No 30

Café de Colombia, a Key Partner for Sustainability

September, 2015

EDITORIAL

Café de Colombia, a Key Partner for Sustainability

Differentiation by cup quality linked to the origin and its commitment to sustainability, which has become almost a requirement in the coffee industry, make Café de Colombia the ideal partner for the value proposition of 100% brands.

For consumers in general, and coffee consumers in particular, ethical and environmental considerations are increasingly important when buying a product. A significant percentage even associates sustainable products to luxury in their minds and thus they would be willing to pay more for them.

This also works the opposite way. In 2012, the Wall Street Journal showed that consumers would pay 29% less for a product of an unethical coffee brand.

Other studies are coincident. According to Datamonitor, 31% of consumers in the world have rewarded through their purchases a socially responsible company, while 26% have punished a socially irresponsible one.

The most mature category in fair trade is hot drinks, to which coffee and tea belong, as 57% of consumers say that choosing foods that support fair trade is important or very important for them.

New consumers are looking for products that better reflect their values, and in the case of millennials, 40% say they are willing to pay more for ecofriendly brands.

In the same line, the 2015 trends study by the National Coffee Association (NCA) confirms consumers’ preference for sustainable products, giving greater importance to organic coffee (25%), followed by Fair Trade (18%) and Rainforest (16%) coffees.

Regarding their purely environmental behavior, 65% of consumers try to positively impact the environment through their daily actions, according to a study by Euromonitor (Eco Worriers: Global Green Behavior and Market Impact, 2015). And buying coffee is one of the few things that consumers can do daily to externalize their values and beliefs.

Among this growing awareness of consumers about sustainability of the products they purchase, millennials have a growing leading role in coffee demand. In 2014, coffee consumption among young people between 18 and 24 years old in the United States had the highest growth, 10%, compared to other age groups versus 2013, according to figures by the NCA.

This growing awareness also goes together with sophistication, as gourmet coffee consumption rose from 58% in 2012 to 64% in 2015.

In line with consumption trends and because of their own corporate social responsibility policies, sustainability has become a priority for the coffee industry in all segments.

Many coffee companies/brands include sustainability in their value proposition or have developed their own verification systems. Others rely on external certifications to reaffirm their commitment while others resort to sustainability criteria to choose their suppliers.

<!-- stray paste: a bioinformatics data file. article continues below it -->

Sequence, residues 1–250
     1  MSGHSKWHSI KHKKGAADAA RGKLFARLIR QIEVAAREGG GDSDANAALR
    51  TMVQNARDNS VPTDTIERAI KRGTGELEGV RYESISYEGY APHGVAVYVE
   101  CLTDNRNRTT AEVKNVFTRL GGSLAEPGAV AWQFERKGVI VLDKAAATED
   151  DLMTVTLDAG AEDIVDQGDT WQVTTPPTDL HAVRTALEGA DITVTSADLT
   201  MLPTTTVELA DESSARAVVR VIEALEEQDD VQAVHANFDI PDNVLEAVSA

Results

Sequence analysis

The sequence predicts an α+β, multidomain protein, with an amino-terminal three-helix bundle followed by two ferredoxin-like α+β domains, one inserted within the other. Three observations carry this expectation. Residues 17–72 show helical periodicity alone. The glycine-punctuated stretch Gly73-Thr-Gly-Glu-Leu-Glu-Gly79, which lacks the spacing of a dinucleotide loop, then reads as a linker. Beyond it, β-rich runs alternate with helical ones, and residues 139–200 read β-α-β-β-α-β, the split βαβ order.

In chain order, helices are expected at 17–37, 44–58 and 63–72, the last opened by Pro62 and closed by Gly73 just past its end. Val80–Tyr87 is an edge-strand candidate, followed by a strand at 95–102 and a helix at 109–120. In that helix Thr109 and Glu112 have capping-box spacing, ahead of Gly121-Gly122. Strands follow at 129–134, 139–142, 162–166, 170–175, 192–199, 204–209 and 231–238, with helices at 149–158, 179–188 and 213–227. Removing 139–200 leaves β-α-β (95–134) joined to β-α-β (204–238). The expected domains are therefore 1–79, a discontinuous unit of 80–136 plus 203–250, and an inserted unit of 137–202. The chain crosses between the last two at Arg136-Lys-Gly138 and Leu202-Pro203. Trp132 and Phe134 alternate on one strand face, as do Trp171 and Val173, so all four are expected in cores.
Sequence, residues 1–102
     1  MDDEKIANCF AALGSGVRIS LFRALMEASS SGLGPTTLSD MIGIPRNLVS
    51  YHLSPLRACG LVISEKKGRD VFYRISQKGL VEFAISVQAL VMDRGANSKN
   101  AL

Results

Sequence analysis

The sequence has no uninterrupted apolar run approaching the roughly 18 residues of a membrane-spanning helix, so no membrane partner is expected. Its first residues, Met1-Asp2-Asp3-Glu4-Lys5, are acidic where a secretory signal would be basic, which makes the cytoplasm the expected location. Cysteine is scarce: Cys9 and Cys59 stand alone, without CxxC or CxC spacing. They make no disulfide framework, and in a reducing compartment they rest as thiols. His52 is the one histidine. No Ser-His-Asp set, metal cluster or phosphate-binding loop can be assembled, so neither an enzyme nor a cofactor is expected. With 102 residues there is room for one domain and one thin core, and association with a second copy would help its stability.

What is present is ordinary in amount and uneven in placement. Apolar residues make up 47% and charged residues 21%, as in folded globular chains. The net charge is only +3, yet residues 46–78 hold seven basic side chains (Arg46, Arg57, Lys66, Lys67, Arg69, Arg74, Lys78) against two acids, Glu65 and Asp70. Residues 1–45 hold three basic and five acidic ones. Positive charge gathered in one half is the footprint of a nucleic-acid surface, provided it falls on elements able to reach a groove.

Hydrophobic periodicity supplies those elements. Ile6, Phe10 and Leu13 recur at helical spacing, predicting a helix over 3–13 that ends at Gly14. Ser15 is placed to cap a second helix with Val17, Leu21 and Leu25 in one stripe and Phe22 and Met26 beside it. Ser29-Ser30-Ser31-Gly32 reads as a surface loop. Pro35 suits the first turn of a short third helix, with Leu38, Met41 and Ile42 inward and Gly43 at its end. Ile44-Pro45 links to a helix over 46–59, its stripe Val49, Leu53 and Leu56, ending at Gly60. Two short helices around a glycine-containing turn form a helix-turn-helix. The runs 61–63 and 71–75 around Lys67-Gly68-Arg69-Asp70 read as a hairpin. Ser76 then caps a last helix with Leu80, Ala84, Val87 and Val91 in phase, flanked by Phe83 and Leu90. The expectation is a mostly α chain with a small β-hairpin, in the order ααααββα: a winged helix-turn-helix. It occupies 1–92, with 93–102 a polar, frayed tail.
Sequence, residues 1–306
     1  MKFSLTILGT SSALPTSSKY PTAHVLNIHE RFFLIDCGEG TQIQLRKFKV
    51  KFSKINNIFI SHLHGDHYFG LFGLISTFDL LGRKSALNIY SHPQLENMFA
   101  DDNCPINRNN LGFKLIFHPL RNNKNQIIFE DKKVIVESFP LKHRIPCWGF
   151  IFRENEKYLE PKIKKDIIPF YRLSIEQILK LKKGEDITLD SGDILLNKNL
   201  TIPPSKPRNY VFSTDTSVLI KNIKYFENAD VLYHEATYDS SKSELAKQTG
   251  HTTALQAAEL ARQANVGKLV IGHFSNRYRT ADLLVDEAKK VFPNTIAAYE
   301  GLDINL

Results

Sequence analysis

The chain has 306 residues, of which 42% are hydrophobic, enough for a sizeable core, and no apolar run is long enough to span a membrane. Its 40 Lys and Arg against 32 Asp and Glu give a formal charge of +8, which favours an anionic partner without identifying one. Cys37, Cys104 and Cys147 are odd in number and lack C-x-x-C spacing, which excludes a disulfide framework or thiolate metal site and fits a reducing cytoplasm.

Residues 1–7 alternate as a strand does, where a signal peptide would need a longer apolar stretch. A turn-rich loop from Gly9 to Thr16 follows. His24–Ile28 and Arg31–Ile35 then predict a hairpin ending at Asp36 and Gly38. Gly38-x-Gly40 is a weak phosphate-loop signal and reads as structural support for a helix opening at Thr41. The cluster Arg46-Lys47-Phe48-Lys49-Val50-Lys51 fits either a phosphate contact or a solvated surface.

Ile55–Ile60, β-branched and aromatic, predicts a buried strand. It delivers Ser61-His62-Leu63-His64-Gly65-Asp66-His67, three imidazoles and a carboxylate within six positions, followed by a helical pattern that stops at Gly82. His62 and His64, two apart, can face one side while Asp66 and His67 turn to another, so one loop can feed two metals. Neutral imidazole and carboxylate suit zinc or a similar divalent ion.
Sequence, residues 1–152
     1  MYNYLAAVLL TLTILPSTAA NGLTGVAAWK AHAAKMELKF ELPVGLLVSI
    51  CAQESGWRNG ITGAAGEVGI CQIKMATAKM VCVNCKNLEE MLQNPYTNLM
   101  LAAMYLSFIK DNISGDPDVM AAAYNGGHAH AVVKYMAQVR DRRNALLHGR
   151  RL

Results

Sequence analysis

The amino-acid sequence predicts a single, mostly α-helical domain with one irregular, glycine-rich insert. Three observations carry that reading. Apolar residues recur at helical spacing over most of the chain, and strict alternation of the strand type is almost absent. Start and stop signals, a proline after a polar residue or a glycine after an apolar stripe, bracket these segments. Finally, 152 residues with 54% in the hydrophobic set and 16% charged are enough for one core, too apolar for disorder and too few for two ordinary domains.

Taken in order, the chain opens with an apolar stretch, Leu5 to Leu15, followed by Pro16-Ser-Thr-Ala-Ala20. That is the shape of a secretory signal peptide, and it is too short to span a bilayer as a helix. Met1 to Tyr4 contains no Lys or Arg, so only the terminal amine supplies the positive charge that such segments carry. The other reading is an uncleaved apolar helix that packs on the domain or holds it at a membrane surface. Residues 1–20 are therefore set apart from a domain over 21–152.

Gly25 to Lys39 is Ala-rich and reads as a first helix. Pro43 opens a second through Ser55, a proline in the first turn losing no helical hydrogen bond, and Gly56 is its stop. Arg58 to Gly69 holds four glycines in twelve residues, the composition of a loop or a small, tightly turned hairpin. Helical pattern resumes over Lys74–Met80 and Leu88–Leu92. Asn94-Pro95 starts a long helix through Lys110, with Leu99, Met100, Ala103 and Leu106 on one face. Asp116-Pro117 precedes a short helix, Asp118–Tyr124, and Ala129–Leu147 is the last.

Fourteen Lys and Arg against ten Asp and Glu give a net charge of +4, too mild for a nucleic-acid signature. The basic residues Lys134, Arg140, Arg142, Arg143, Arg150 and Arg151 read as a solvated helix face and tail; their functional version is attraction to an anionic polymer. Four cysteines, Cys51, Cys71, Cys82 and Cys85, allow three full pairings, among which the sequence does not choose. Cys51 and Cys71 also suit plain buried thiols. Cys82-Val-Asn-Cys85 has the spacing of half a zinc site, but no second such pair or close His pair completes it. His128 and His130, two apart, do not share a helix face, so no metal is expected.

Sustainability schemes, either by certification or verification, are increasingly an industry requirement. However, the current model is still associated with the certification process itself, focusing on economic, social and environmental compliance, not necessarily associated to origin.

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Sustainability, a market requirement
Hence the sustainability model in the industry has evolved from betting on quality in the 90s to certifications in the first decade of this millennium and more recently to differentiation by cup and origin, two elements that Café de Colombia has been combining with success from long ago.

Consumption trends in Europe show that 71% of consumers want to know where the products they buy come from (European Commission, 2012), while according to Datamonitor trends map, consumers want information about the origin of their products. For end consumers, internet has facilitated the search for information on origin (traceability), which by itself is also an industry trend.

In this line, it is worth reminding that Colombia is the most recognized coffee origin in the United States (83%, according to NCDT 2015). This is no coincidence, since Colombia produces what is considered the best mild washed coffee in the world, with differential quality and consistency attributes linked to origin.

In addition to its quality differentiated attributes, Café de Colombia also embodies principles and values, such as trust, familiarity, honesty, social responsibility and innovation, with which new consumers easily identify.

Together with this differentiation by cup and origin, Café de Colombia has followed for several years, by own initiative and conviction, clear economic, social and environmental sustainability policies (“Sustainability that Matters”), which it constantly seeks to refine and improve, adapting to new sustainable requirements by the industry.

In Colombia, with the support of coffee institutions, more and more producers grow coffee under some sustainability scheme (economic, social, environmental and even quality). At the end of 2014, 196,000 coffee farms were linked to a scheme of sustainable production (29% of the total), a very significant increase compared to 68,624 farms in 2008.

So Café de Colombia combines not only unique quality attributes linked to origin, but its sound evolving sustainability policies and its alignment with global industry trends make it the ideal partner for the value proposition of 100% Colombian Coffee brands.


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